France Agrees to Withdraw Troops from Burkina Faso 

France Agrees to Withdraw Troops from Burkina Faso (News Central TV)

The French foreign ministry announced that France will remove its troops from Burkina Faso within a month of the country’s military leaders asking it to do so. This will further reduce France’s involvement in a region that is experiencing an increase in armed group violence.

The French ministry said in a statement issued on Wednesday that it had been informed the day before that a 2018 agreement regarding the status of French troops in the nation had been cancelled.

“In accordance with the terms of the agreement, the denunciation takes effect one month after receipt of the written notification. We will comply with the terms of this agreement by complying with this request.”

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About 200 to 400 special forces from France remain in its former colony. The administration wants the nation to be able to defend itself, Ouagadougou stated on Monday, thus it has opted to terminate a military agreement that permitted French troops to fight armed groups on its soil.

The government of Burkina Faso reportedly cancelled a 2018 military agreement with Paris on January 18, allowing France one month to withdraw its troops, according to a report on national television on Saturday.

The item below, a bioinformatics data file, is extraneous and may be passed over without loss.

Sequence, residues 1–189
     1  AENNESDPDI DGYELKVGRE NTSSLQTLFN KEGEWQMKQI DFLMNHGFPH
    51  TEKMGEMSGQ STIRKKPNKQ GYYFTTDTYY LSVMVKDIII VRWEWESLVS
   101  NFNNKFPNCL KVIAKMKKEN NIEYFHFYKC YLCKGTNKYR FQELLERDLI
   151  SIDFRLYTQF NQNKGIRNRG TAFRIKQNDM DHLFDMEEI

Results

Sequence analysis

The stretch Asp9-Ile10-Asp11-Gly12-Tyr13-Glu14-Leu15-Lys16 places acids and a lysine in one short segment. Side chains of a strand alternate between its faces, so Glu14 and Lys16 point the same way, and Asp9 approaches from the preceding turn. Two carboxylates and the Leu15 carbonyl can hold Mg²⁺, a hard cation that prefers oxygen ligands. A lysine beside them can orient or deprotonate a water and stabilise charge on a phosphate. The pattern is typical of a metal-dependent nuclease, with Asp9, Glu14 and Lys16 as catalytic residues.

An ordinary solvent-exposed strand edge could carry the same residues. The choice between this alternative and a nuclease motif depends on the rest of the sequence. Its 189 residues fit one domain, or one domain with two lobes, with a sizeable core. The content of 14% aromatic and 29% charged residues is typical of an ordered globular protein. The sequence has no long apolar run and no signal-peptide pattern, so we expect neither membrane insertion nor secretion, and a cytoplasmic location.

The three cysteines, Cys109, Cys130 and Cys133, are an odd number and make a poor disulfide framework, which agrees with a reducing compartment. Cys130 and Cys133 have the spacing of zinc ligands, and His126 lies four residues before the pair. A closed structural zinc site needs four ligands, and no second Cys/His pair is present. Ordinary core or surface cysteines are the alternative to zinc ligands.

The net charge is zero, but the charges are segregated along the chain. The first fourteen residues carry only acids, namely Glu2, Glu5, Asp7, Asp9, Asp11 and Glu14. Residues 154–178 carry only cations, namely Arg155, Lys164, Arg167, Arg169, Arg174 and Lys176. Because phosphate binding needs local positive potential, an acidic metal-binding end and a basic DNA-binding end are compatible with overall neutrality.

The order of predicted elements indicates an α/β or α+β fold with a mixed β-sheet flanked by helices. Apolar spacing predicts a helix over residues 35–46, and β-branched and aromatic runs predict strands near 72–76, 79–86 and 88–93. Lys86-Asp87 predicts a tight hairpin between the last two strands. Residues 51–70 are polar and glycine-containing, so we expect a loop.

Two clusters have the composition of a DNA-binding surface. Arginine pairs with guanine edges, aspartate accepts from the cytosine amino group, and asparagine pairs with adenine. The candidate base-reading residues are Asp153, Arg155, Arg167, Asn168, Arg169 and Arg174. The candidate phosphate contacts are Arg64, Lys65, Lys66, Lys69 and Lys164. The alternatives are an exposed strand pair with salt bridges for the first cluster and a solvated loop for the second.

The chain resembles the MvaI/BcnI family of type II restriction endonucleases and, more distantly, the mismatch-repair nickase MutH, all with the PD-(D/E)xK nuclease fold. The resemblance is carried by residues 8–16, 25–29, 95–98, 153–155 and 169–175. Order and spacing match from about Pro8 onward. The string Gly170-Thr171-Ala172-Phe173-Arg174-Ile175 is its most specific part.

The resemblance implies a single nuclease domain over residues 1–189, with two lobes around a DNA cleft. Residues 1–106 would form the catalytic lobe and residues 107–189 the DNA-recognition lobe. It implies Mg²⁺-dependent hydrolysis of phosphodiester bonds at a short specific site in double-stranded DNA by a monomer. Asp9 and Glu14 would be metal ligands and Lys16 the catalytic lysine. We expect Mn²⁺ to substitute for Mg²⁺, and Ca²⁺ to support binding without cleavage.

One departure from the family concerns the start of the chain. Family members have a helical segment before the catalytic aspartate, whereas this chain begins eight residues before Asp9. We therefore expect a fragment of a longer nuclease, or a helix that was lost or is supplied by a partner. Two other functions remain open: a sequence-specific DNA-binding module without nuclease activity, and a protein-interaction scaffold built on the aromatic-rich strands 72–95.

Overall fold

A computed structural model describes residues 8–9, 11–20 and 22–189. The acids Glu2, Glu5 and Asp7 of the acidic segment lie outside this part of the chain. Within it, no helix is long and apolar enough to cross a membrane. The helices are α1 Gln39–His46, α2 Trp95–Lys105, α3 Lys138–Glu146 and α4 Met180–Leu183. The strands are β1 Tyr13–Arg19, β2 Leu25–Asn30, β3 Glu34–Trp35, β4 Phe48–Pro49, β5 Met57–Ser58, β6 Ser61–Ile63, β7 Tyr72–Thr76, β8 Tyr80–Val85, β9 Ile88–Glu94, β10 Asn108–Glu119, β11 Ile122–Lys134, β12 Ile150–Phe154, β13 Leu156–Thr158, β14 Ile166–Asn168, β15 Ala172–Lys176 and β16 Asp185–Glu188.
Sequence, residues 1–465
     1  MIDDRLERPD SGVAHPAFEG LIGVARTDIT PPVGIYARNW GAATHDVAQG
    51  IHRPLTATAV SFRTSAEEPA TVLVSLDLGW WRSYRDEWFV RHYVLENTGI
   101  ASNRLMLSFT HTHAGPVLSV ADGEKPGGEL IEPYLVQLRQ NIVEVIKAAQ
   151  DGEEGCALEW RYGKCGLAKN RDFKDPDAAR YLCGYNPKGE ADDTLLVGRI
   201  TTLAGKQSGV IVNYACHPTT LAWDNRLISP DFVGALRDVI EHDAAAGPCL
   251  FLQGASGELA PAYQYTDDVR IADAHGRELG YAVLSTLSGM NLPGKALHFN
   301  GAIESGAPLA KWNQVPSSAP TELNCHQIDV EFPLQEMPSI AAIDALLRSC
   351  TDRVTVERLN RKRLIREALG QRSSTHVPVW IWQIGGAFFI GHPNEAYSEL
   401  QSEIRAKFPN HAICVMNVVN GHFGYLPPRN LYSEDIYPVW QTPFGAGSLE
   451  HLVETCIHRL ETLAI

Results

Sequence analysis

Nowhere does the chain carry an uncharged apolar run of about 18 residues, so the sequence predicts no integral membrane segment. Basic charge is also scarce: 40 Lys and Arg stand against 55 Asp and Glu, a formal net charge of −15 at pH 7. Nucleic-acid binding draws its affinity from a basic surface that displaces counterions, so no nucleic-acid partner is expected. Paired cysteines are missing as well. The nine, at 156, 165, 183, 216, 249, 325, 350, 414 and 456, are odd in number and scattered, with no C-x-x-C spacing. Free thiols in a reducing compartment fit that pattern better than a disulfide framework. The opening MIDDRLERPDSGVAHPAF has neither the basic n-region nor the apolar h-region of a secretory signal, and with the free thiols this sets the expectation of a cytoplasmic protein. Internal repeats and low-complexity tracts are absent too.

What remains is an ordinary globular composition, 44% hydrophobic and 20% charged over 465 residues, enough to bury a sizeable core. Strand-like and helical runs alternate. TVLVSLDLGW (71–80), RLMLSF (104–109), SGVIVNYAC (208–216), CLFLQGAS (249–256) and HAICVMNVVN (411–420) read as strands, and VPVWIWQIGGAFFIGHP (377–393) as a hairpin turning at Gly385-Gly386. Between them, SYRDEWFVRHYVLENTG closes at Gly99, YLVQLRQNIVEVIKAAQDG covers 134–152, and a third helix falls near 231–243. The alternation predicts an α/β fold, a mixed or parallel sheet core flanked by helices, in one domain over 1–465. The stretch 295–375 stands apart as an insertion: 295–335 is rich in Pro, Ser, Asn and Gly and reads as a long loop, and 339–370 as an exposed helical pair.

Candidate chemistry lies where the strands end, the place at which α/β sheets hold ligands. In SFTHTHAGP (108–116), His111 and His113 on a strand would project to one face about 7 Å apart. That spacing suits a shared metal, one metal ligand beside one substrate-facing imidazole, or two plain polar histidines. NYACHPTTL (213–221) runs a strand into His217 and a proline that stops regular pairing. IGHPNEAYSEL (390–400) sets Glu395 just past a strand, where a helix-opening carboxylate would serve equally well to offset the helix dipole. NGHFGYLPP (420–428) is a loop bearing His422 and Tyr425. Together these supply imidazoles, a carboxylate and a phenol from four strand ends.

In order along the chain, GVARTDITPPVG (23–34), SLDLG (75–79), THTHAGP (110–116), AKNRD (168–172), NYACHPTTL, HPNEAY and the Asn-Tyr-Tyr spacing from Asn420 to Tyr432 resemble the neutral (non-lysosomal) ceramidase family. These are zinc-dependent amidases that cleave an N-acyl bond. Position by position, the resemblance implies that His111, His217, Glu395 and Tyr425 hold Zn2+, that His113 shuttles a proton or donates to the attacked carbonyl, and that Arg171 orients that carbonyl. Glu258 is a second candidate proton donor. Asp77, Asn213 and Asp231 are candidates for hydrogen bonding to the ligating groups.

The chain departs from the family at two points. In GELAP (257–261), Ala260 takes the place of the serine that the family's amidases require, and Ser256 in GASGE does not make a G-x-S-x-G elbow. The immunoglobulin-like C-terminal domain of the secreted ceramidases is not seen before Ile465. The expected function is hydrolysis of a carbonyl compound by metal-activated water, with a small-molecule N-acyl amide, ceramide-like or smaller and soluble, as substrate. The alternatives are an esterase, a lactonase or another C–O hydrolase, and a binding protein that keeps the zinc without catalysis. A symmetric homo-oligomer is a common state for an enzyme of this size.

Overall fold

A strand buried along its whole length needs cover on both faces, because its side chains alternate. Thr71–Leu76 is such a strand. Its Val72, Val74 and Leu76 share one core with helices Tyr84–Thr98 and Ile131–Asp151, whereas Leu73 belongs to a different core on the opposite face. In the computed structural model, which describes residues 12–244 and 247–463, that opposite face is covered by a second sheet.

The perception that France hasn’t done enough to stop the violence that has spread in recent years from neighboring Mali, whose military rulers asked French forces to leave last year and instead deployed Russian private security contractors, has contributed to the rise in protests against the French military presence in Burkina Faso.

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One of the most impoverished and unstable nations in Africa is Burkina Faso. Since 2015, when fighters affiliated with al-Qaeda and ISIL (ISIS) launched a violent campaign from the neighboring country of Mali, tens of thousands of soldiers, police officers, and civilians have died and approximately two million people have left their homes.

The government cannot control more than a third of the nation, and anger within the army at the rising death toll sparked two coups last year.

The special troops could be relocated to Niger, where a sizable contingent of French and European personnel are now stationed, according to French diplomatic and defense sources. In the Chad, Paris has a sizable military presence as well.

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